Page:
The most recent poll from The Pew Research Center for the People and the Press confirms that religion1 is still perceived as significant for the majority of Americans:

Religion is much more important to Americans than to people living in other wealthy nations. Six-in-ten (59 percent) people in the U.S. say religion plays a very important role in their lives.

Political leaders in America tend either to sneer at, or to cynically exploit, the religious beliefs held by many, many of their fellow citizens. Both are forms of disrespect. And respect is what I'm arguing for here.

That 59 percent of Americans embraces a cornucopia of conflicting ideas and ideologies. Unanimity is not an option, but mutual respect is.2 Too often, progressives treat the religious beliefs of their fellow Americans as something disdainful that they need to "get over." That's no way to win support for our political agenda, and no way to regain a majority.

Anyway, according to the new Pew survey, the most religious nation these days is Senegal, while the least religious are France and the Czech Republic. So to update Berger, America would be a nation of Senegalese ruled by Frenchmen.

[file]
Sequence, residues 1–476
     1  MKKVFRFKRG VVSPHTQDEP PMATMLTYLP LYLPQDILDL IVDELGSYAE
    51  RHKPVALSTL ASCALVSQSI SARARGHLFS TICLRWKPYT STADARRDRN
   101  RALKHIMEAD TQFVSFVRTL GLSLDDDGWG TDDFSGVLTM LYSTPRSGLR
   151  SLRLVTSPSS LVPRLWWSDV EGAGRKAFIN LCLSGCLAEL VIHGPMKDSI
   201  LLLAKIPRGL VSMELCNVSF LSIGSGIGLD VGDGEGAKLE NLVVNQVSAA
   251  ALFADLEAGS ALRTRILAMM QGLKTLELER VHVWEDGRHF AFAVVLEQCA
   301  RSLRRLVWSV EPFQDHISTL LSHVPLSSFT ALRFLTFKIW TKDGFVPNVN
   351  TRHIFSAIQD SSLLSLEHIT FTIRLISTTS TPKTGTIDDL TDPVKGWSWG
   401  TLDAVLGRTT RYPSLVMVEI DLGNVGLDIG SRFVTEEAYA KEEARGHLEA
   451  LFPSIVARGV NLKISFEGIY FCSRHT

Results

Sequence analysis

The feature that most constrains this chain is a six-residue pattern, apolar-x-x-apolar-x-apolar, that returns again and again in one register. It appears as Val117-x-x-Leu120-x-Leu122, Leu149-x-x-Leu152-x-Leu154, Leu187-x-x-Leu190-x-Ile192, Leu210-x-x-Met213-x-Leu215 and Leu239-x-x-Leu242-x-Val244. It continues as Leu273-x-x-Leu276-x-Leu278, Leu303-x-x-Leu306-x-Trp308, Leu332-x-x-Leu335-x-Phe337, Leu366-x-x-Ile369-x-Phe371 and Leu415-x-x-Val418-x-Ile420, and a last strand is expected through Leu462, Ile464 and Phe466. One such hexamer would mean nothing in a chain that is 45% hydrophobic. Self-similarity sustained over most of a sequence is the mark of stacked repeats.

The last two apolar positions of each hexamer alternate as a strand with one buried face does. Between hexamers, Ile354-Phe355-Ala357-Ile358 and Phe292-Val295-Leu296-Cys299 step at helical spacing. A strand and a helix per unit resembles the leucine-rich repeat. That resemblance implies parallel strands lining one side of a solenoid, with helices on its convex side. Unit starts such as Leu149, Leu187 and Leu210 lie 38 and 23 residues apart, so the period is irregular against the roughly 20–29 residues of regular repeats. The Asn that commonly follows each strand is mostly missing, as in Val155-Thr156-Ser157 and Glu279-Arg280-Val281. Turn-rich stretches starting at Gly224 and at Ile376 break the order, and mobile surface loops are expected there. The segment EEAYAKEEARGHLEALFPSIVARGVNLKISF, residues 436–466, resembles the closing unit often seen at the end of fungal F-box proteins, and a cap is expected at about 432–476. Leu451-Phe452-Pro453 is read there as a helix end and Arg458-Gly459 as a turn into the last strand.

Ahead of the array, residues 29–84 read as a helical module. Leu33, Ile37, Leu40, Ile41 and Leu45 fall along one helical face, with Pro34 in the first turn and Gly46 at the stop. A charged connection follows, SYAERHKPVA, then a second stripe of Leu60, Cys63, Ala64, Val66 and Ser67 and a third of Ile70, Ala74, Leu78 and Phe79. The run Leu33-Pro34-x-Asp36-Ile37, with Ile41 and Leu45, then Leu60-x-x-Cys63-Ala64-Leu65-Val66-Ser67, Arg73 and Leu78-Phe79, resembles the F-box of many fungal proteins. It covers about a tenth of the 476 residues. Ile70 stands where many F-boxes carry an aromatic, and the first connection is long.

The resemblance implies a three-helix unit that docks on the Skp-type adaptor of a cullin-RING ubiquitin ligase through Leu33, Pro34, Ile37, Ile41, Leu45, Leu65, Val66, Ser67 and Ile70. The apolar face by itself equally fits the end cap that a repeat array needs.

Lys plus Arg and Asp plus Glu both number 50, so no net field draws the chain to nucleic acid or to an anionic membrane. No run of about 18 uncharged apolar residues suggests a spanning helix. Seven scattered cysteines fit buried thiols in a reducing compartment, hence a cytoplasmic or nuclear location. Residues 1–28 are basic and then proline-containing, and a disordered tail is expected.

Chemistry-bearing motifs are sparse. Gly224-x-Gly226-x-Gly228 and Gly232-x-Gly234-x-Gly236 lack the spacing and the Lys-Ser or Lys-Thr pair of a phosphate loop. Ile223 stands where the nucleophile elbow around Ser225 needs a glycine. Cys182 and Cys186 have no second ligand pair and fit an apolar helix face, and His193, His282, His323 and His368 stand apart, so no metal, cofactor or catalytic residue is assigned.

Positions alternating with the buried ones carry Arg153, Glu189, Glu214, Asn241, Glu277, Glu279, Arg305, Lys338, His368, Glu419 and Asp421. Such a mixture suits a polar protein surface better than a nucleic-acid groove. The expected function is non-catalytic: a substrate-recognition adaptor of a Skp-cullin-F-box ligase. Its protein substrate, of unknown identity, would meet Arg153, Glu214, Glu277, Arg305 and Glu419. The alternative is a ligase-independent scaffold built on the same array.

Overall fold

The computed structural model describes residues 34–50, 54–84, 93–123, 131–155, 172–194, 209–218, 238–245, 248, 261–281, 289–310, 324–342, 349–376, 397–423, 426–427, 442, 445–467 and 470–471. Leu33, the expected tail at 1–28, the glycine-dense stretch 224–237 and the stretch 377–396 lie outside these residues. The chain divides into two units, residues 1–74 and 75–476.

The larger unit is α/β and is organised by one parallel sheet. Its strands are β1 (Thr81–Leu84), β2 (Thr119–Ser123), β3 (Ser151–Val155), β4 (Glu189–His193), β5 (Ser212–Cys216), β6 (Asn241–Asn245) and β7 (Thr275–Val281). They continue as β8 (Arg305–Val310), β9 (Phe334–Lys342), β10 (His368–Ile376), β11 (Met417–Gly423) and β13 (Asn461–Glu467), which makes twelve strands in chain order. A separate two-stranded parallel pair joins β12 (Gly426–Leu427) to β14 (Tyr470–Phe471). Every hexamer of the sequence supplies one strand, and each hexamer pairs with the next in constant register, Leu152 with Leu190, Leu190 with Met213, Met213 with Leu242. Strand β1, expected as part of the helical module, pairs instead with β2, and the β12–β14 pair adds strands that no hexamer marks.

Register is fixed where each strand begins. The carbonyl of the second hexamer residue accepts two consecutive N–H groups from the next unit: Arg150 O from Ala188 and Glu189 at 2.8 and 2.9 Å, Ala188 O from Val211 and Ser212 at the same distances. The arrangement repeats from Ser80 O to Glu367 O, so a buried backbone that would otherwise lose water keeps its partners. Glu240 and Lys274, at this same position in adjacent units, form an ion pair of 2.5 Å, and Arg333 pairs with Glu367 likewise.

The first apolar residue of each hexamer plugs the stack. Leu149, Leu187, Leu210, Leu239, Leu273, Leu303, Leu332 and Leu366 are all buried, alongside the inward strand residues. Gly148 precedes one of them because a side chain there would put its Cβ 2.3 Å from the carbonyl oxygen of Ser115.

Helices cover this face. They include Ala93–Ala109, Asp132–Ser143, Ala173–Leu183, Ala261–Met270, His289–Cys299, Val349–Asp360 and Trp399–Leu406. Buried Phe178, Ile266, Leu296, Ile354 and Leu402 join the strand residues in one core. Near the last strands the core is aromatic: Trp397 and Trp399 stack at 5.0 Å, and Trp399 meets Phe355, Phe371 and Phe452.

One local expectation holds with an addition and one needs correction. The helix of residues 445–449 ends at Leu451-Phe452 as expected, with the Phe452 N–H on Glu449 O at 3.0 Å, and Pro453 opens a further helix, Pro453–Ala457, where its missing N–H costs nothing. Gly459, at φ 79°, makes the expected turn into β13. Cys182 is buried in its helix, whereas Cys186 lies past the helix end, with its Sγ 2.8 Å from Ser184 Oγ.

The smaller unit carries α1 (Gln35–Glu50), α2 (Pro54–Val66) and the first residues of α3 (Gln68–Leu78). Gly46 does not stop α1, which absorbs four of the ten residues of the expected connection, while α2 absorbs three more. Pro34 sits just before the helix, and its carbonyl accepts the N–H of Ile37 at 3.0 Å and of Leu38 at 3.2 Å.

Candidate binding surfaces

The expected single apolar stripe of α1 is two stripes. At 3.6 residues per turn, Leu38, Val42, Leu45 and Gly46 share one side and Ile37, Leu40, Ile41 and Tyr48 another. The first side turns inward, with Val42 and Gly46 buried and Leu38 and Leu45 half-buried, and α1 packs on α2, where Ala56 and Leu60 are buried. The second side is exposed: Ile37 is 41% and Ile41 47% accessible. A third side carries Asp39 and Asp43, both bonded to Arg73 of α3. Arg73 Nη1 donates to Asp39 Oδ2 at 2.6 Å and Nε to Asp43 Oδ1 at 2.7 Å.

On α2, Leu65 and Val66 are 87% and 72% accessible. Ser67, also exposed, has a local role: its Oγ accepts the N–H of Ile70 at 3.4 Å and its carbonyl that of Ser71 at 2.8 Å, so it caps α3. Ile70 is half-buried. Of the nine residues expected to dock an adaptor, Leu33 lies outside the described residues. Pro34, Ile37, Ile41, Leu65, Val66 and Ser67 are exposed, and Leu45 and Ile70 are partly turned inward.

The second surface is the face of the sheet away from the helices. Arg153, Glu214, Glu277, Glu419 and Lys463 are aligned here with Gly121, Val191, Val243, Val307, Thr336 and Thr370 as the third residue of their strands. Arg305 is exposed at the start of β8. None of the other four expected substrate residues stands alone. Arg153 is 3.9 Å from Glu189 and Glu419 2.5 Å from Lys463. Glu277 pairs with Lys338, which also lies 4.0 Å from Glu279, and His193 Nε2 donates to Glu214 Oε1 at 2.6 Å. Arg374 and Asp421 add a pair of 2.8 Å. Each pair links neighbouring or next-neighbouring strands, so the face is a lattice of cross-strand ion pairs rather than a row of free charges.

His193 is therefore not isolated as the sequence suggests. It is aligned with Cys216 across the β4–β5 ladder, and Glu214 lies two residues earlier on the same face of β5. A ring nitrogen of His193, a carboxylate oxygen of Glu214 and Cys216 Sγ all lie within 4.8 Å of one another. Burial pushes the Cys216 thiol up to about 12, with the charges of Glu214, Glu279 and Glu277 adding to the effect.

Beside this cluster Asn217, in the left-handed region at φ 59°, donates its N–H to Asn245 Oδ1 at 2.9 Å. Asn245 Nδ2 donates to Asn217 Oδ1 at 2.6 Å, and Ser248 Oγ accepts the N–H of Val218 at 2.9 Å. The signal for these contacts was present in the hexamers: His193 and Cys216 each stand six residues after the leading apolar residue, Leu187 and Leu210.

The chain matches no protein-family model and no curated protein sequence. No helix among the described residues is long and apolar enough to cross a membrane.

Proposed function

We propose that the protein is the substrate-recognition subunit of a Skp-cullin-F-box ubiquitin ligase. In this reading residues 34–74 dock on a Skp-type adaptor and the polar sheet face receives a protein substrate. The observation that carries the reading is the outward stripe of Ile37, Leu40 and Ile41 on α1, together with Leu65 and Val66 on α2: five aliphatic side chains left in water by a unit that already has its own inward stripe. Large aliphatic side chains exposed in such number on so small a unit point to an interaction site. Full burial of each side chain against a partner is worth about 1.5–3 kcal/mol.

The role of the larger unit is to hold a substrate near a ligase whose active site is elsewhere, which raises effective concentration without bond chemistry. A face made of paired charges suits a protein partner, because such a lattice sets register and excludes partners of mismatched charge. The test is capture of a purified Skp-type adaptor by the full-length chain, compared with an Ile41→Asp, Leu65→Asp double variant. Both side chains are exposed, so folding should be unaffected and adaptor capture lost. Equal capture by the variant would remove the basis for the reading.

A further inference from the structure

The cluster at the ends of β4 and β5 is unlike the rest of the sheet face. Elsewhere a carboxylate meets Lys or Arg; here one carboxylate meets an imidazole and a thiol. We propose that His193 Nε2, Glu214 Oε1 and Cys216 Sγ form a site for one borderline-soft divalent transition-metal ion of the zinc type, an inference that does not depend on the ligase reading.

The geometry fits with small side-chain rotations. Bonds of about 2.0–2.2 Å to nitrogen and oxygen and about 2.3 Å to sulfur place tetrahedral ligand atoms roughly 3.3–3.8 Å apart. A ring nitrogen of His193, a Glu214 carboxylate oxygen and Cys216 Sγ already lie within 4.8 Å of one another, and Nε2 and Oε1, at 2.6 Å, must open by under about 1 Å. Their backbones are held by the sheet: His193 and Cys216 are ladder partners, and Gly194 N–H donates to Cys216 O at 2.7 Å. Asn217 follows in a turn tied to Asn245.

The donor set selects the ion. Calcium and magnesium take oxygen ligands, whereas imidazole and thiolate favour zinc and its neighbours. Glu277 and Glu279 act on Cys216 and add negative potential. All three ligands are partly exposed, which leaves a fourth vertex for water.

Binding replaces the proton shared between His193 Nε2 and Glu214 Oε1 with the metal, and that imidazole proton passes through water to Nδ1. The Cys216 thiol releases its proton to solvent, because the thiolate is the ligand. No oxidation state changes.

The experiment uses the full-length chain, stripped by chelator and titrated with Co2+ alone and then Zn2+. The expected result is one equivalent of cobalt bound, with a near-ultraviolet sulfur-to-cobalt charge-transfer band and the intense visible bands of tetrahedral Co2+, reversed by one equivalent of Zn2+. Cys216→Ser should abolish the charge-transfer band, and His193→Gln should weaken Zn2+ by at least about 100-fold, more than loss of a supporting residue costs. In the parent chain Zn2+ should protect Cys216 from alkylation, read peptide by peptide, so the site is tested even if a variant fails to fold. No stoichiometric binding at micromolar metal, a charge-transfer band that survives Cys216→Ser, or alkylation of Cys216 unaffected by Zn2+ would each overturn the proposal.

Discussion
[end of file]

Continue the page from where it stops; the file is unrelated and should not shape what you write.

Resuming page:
= = = = = = = = = =

1. Even America's atheists seem particularly devout. Just here in blogland, think of how many bloggers go out of their way to make a declaration of their faith (or un-faith). Theirs is not just a casual, only-on-Sundays atheism. It is a fervent, almost revivalistic atheism, a religious irreligiosity. Call it "avangelicalism" (no news is good news).

2. A story from Missiology 101:

In the 19th century, white missionaries arrive in an Indian village. The missionaries explain to the chief that they would like to tell his people the story of the Bible and the Christian's God. The chief thanked the missionaries and said he would be honored to hear their story. All the elders gathered together to sit and listen.

For three days, the white missionaries told the entire Christian story, from Genesis on through, and the chief and the elders sat and listened thoughtfully. When the missionaries finished, the chief said, "That's a great story. I like your story."

Then the chief called on one of the elders, who stood and began to tell the missionaries about First Man, who was made in the east from the white and black clouds, and First Woman, who was made in the west from the yellow and blue clouds ...

The missionaries were aghast. "Haven't you been listening?" they cried. "We've just spent three days explaining to you the truth!"

"Relax friend," the chief said. "We were listening. For three days we listened to your story. Now you must listen to ours."

posted by Fred Clark 1:25 PM

This page is powered by Blogger. Isn't yours?